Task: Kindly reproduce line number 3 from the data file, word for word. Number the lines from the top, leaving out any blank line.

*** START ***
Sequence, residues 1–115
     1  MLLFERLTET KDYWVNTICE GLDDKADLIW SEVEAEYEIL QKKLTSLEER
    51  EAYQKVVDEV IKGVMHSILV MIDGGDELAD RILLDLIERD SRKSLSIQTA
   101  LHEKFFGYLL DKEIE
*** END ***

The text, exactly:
    51  EAYQKVVDEV IKGVMHSILV MIDGGDELAD RILLDLIERD SRKSLSIQTA